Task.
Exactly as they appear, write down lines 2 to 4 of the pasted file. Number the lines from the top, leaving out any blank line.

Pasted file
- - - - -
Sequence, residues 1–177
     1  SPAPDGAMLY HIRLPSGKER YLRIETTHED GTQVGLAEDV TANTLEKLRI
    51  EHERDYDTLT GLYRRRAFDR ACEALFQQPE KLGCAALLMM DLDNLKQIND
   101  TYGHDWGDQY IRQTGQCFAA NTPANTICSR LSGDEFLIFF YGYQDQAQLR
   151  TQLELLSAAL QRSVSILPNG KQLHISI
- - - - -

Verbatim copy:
     1  SPAPDGAMLY HIRLPSGKER YLRIETTHED GTQVGLAEDV TANTLEKLRI
    51  EHERDYDTLT GLYRRRAFDR ACEALFQQPE KLGCAALLMM DLDNLKQIND
   101  TYGHDWGDQY IRQTGQCFAA NTPANTICSR LSGDEFLIFF YGYQDQAQLR